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to help. >> so she decided to help by starting a book drive for emily, who has always found comfort in reading, it was a way to cope with the fear and anxiety over her father, mike's, condition. so throughout his recovery, that movement has since blossomed. it's now a collection of nearly 9,000 donated books that the family delivers to young people in d.c.-area health care facilities >> whoo, that's your first book >> just last week, handing out 500 books to patients at the national institutes of health children's inn. >> we're extremely grateful, so excited to be able to use them for our educational programs every week. and i'm excited that families were able to take some home with them >> zane elliot is there recovering from a bone marrow transplant >> today was just kind of a breath of hope. younger people that are actually doing things like this it is a good thing to
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see. >> emily's small gesture making a big impression on zane's mom, donna pitt. >> i've got to be honest, i had a little bit of tears in my eyes just to see that giving spirit and heart in a young woman made it feel extra special. >> a young woman spreading joy by helping others escape their pain between the pages. >> my hope is that these kids can dream with these books whatever it is, i want them to know there is such a happy light, like, waiting for them >> and the great news, emily's dad is now cancer-free and helps her with the drive her goal is to collect and distribute 15,000 books by the end of this year. that's nbc "nightly news" for this saturday kate snow will be here tomorrow night i'm jose diaz-balart thank you for the privilege of your time, and good night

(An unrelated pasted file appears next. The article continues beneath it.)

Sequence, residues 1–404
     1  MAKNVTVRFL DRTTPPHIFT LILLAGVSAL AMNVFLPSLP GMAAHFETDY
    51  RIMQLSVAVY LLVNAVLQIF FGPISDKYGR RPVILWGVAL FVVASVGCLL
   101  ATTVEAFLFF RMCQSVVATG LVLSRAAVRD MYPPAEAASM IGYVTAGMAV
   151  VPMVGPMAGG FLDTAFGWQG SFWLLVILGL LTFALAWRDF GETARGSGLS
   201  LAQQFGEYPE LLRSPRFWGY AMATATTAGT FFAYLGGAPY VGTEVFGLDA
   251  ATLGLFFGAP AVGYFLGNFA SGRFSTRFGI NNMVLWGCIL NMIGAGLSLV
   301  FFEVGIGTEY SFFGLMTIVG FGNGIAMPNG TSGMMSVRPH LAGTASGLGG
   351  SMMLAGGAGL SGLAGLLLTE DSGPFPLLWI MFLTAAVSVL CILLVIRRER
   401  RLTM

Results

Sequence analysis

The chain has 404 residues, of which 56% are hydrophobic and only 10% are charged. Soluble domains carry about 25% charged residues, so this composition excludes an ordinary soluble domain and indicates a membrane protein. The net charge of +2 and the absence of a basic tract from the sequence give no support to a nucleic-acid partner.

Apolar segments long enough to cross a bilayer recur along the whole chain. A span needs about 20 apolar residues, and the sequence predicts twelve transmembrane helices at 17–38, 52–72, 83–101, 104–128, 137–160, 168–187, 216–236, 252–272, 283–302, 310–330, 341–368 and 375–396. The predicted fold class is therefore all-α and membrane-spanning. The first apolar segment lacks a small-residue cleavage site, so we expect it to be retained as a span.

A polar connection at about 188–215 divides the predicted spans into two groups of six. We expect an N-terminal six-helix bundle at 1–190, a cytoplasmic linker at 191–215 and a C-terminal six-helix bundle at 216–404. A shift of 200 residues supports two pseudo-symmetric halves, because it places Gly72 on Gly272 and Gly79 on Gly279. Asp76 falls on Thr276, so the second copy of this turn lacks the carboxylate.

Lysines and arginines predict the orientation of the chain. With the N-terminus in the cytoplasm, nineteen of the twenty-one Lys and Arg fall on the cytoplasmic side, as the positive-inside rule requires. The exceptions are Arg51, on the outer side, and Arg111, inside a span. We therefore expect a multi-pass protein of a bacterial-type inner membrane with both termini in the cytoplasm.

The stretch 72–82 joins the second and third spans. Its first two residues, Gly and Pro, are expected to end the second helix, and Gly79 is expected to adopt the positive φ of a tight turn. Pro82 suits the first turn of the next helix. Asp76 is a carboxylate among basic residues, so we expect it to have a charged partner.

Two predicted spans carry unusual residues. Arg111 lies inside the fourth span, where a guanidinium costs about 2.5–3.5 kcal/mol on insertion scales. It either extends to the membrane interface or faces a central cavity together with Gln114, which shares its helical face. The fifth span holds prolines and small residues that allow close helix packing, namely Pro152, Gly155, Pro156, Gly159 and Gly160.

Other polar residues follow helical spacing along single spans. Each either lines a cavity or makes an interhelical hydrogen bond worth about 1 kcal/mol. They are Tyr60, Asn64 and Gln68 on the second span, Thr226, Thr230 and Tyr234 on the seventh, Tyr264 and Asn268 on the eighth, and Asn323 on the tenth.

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xxxx right now at 6:00, strong winds causing big problems across the area. meteorologist rob mayeda will
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tell us how long it is going to stick around. plus. >> we lost power briefly. >> when the lights might come back on. and something we are not used to seeing a wildfire burning in the dead of winter. we are keeping a close eye on the flames burning near big sur. the news at 6:00 begins right now. thoinls. i'm audrey assistio. >> i'm terry mcsweeney. if you stepped outside, you might have felt it and overnight you might have heard it. strong winds bringing truce down, some the trees snapping power lines. thousands are in the dark right now. >> also caution problems for firefighters. a winter wildfire is burning toward the coast in caramel near big sur. i know the fire is only 5%